Friday, October 8, 2010

The Common Ground Fair in Maine

"If you’ve ever been to the Fair, you know — and if you haven’t been, anyone who has will tell you — it’s an event like no other, that brings together so many people from so many walks of life, all in the spirit of celebrating the rural and agricultural traditions of Maine."

The Common Ground Fair is an incredible experience. A lot of effort is put into focusing and highlighting organic farmers and gardeners from Maine. The fair ran from September 24-26th. I spent only 6 hours at this fair, and I learned a lot about organic farming and a lot about Maine. I was impressed with the way in which the fair was conducted and how committed this fair was to a cause beyond making money. The Common Ground fair was an eye opener.

The fair is put on by the Maine Organic Farmers and Gardeners (MOFGA) which is conveniently located in the small town of Unity, Maine. Luckily for me, it is within walking distance of our apartment. If I was not working most of the weekend I would have gone all three days to volunteer or sign up for workshops, or listen to lectures from renowned farmers/gardeners from around the country. The entire week of MOFGA's Common Ground Fair transforms the tiny town of Unity into a frenzied overcrowded spectacle, as a hundred thousand people show up from all over the world to attend. People camp out in MOFGAs fields, relatives fly in to visit, nearly every Unity College student and towns person is at the fair working and people staying home are setting up garage sales or little booths to sell vegetables or crafts at the side of the street as the endless streams of cars start pouring in. The whole town gets involved.

Once you get to the fair you start a long walk, or take a tractor ride to one of the fair's two entrances. You can either sign up to volunteer, or pay a ten dollar entry fee and begin your exploration. Much like any fair, there are tents everywhere, tables, booths, displays, benches, signs, smells and posters. The Common Ground fair only sells locally grown food at vendors. Their booths must be related to local companies or products and must focus on farming/gardening and the state of Maine. There were a lot of animals, and also many demonstrations about all sorts of things. We saw a demonstration on saddling a carriage on two horses, and at the same time watched how to heard sheep. A few steps away they were showing you how to cut wool off a sheep (the sheep was not happy). At the next tent they were dying some sort of fabric. We walked be dozens of other interesting looking demonstrations of lecture that we did not stop for. Most people that are familiar with the fair plan out their weekend based on what they want to learn. Primitive skills like starting a fire, organic farming in small settings, saving seeds, optimizing yields, building your own cottage, and the list is endless.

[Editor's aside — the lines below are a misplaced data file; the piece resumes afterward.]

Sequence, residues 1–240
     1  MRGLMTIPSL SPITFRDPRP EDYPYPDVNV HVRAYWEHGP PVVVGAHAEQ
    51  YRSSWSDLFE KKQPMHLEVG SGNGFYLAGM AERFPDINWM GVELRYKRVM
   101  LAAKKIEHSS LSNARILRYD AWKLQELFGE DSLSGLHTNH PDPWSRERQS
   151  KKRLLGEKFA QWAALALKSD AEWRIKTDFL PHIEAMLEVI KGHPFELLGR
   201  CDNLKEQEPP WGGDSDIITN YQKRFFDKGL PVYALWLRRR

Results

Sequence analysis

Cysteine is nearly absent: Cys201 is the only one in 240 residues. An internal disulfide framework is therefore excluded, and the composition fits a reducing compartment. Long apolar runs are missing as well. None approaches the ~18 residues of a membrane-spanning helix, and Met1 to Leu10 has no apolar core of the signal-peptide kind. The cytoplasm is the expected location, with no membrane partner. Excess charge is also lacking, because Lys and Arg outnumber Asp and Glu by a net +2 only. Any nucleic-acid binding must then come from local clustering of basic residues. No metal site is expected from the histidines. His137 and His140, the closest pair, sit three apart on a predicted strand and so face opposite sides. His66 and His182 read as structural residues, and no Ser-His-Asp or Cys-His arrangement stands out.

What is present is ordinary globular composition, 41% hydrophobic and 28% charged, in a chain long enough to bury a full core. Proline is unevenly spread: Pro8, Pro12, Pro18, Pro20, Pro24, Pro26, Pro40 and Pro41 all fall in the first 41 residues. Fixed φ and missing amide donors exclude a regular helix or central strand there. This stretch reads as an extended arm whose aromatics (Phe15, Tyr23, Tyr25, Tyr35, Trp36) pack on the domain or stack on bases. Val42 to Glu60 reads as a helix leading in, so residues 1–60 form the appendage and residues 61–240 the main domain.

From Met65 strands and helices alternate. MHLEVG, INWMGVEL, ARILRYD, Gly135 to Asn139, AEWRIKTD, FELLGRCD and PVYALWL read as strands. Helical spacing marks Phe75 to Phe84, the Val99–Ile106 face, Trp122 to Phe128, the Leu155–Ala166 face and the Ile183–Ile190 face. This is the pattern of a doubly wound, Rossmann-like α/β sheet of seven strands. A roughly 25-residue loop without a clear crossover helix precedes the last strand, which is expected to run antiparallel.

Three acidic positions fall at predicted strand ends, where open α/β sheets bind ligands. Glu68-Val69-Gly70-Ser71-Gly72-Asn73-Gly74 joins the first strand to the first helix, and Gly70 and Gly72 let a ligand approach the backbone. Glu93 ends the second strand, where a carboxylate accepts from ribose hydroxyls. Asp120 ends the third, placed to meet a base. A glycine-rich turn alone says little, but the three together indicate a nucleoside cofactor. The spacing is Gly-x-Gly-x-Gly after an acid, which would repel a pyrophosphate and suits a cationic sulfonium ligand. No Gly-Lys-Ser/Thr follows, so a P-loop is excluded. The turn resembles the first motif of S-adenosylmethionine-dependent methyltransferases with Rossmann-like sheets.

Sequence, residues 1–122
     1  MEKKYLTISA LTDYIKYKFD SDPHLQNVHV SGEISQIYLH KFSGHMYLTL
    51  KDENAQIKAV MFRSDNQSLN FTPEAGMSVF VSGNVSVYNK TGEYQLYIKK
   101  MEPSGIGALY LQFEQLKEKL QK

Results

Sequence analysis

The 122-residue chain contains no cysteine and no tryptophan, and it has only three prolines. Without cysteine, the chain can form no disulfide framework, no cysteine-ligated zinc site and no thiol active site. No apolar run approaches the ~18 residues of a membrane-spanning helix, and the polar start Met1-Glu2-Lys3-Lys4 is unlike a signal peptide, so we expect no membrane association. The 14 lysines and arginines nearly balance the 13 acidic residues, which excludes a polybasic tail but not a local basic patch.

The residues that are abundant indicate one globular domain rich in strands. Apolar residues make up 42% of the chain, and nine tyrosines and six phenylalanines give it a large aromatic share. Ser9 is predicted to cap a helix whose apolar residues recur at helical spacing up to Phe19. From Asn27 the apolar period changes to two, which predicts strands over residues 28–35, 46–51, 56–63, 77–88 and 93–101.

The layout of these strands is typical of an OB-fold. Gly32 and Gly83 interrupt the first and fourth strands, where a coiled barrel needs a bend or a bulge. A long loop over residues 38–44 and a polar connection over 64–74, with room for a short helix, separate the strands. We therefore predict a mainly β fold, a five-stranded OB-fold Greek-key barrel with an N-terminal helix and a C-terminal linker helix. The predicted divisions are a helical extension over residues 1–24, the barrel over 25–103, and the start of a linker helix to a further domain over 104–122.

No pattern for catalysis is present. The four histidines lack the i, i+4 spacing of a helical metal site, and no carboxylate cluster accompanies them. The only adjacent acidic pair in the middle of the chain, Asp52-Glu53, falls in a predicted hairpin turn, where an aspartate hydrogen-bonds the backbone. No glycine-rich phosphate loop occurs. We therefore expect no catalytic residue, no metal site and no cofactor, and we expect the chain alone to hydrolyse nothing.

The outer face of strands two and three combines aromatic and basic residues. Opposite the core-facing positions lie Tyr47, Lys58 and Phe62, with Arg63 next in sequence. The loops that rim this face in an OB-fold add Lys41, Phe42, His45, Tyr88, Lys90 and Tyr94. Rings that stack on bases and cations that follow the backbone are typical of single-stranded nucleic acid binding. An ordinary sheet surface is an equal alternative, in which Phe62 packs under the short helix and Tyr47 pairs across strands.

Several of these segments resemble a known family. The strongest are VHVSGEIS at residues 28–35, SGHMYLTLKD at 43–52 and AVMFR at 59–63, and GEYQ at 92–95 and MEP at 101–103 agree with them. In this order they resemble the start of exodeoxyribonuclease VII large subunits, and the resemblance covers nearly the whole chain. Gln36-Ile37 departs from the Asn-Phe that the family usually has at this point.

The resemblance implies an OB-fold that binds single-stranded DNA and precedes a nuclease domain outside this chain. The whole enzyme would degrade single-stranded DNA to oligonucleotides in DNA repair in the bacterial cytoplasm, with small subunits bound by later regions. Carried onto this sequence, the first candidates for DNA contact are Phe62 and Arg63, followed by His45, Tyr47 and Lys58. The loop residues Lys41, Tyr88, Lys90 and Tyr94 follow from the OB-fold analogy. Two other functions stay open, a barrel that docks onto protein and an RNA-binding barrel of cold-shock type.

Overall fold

My personal favorite booth for me was the beehive collective, which was displaying amazing posters that told intricate stories about some problem in the world. The posters were stunning, and the organization members were there explaining the meaning behind the newest poster; which was absolutely brilliant.

Only a few months ago, I was living in the mid west surrounded by huge fairs like the Renaissance Festival and the Minnesota State Fair. I have had experiences with huge fairs. While parking, large crowds, weather, expensive prices, bathrooms are all still problems that Common Ground has during its fair, there is a noticeable difference between the Common Ground Fair and what I normally think of as a 'fair'. The Common Ground fair puts its money where its mouth is and really holds to its guns about making the fair about organic farming and gardening. I did not feel like I was under pressure to buy products. I felt the food choices were respectable and not food that was going to kill me. I also felt that people working at booths were not there simply to make money, and seemed more concerned with supporting Maine. The general consensus from people I would talk to at the deli I am working at, was that the fair was a great places to spend your day learning about valuable skills and knowledge that was going to help them in the future. The one farming lecture we stopped at was fascinating and filled with so much good information it made me wish I had a garden to immediately put some of the ideas to use.

In the end, I was impressed and cannot wait for next year to go again. I met a guy who biked from Ithaca, New York to Unity, Maine (9 hours by car) just to volunteer at the fair and then he was going to bike home. He even slept in our backyard one night. Strange and wonderful things happen during the MOFGA week and I look forward to further embracing it next year.


Anonymous said...

awesome blog, do you have twitter or facebook? i will bookmark this page thanks. peace maria

Anonymous said...

I really like your blog and i really appreciate the excellent quality content you are posting here for free for your online readers. thanks peace klara.